Techno has long been saddled with labels like "faceless," "soul-less," and "abstract," all of which apply to many artists and releases in the genre. Not so with Jesse Siminski, who, under his Heartthrob guise, has crated a debut album that breathes emotion back into the 4/4 time signature. Called a "roller coaster ride" in a recent press release, Siminski's music has a definite up-and-down feeling to it that creates alternates between lighter moments and those where the bass is so brooding and heavy it leaves one feeling as though the Apocalypse is truly upon us. "Slow Dance" is making its way around the European dance circuit, most notably in the DJ sets of Minus boss Richie Hawtin. Photo by Markus Jans.
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Huge Hephner is the alias of producer Billy Dalessandro, co-founder of Siteholder Records and an artist frequently credited with merging the respective 4/4 worlds of Chicago and Europe. Dalessandro first used the name a year ago, when he released The Booty Drop EP on Siteholder's digital sub-label. Since then, he has curated his first vinyl release, Pimp Slappin', as well as his debut full-length, Nymphotech. Despite the vaguely hip-hop-sounding titles of these releases, the Hugh Hephner style remains firmly rooted in house and techno, mixing the warm, upbeat vibes of Dalessandro's hometown Chicago with the dark, sinister sounds more commonly found across the ocean.
For Life marks not only the debut album for Hearts of Palm UK (who aren't, in fact, from the U.K. and won't reveal the meaning of the band name's suffix to anyone), it's also the first release for Hypnote in over a year. The label took a hiatus to set up its Britain-based office, and now that the odds and ends of business are sorted, they're ready to unleash this dreamy, pop-flavored release this fall. The three ladies who make up the band mix guitars and drums with a variety of electronic instruments that give the tracks a rather Postal Service feel, which is to say there's a soothing, gentle aura to the music that makes a listener tingle all over.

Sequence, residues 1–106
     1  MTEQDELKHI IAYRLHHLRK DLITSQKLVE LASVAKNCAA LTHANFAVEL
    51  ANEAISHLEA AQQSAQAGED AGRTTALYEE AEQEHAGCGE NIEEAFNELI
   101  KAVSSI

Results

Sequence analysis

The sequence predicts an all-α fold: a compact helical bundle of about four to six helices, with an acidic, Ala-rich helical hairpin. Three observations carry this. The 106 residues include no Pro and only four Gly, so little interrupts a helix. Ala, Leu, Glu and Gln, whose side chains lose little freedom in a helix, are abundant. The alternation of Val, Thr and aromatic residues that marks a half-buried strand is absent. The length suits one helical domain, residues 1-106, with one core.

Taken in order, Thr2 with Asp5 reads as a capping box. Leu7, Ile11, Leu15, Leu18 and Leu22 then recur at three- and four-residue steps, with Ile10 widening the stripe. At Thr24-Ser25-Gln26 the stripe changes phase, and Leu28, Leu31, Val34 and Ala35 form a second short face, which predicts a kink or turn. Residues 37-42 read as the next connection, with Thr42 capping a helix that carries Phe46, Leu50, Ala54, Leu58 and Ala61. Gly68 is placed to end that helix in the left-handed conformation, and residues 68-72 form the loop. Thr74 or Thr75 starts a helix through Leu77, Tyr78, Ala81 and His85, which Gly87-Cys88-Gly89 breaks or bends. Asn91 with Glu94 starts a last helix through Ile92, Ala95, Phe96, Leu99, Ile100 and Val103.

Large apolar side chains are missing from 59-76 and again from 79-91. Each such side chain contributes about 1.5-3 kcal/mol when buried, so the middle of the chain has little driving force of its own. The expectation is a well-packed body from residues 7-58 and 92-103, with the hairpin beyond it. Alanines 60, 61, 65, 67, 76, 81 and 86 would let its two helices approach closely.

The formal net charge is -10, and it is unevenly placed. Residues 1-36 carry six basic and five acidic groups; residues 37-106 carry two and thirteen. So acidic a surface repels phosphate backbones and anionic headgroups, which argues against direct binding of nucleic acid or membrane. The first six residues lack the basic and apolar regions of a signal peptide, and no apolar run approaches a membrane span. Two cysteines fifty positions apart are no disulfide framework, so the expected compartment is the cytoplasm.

No Limit Records head honcho Master P, real name Percy Miller, knew how to make a buck. When the label had a good single, he didn't just put it on one release to sell one time. The single would go on on multiple full-lengths, because why sell something once when you can sell it two or three times? The undeniable "I Can Tell" track showed up on records from 504 Boyz and Mercedes, and also appeared on the rest of the No Limit empire of compilations, VHS tapes, and tall-tees. DJ J-Laini, based in the not-quite-Dirty-South locale of Finland, is on some Percy Miller shit here, working and chopping that unforgettable "I Can Tell" chorus over some hot new beats. Wyatt Williams
We happen to love Flying Lotus around here–everything from his uncredited musical segues for Adult Swim to his latest EP 1 X 3. So, pairing his mad-scientist beats with some words from the self-described "embalming fluid" of hip-hop, Lil Wayne, is enough to make everyone here at XLR8R drop what they're doing to take a listen. "Robo Tussin" deserves your full attention; the floating, nearly aquatic beat gives these verses from Lil Wayne's "A Milli" a flipped out vibe. Are we already salivating at thought of more collaborations from these two? Sure, but we'll probably just listen to this track on repeat until that happens. Wyatt Williams
Information about UK-based artist [snyzch] is limited. So limited, in fact, that his MySpace profile describes him as an "enigma wrapped in a tortilla." We invite you to draw whatever conclusions you'd like about the person who titled this song "I Eat Cocks Like You For Breakfast," but rather than speculate, we're going to stick to the music. The track is a raucous, dark gem of glitch-addled synth pop; the vocals suggest a late take on the electro clash explosion of a few years back. Notably, the track is featured on the Seed Records Volume 2 compilation. Wyatt Williams
For Ariel Pink, the cliche "toiling in obscurity" may have been an understatement. Born Ariel Rosenburg, he worked by himself for years, recording album after album of tape-trick-laden pop songs to create the surreal world of Ariel Pink. It wasn't until 2004 that a CD-R of his music arrived in the hands of bedroom-genus group Animal Collective, something which kick-started his music career and gave his act an audience. In the years since, as Paw Tracks has continued to release albums from his vaults of work, Rosenburg has faced an entirely new problem. How does one recreate live the sounds of music that previously existed only in the netherworlds of four-track cassette tape? One way is to gather up a group music vets who've done work with a laundry list of bands from Devendra Banhardt to Cibo Matto and hit the road, which happens to be what they're currently doing. Wyatt Williams
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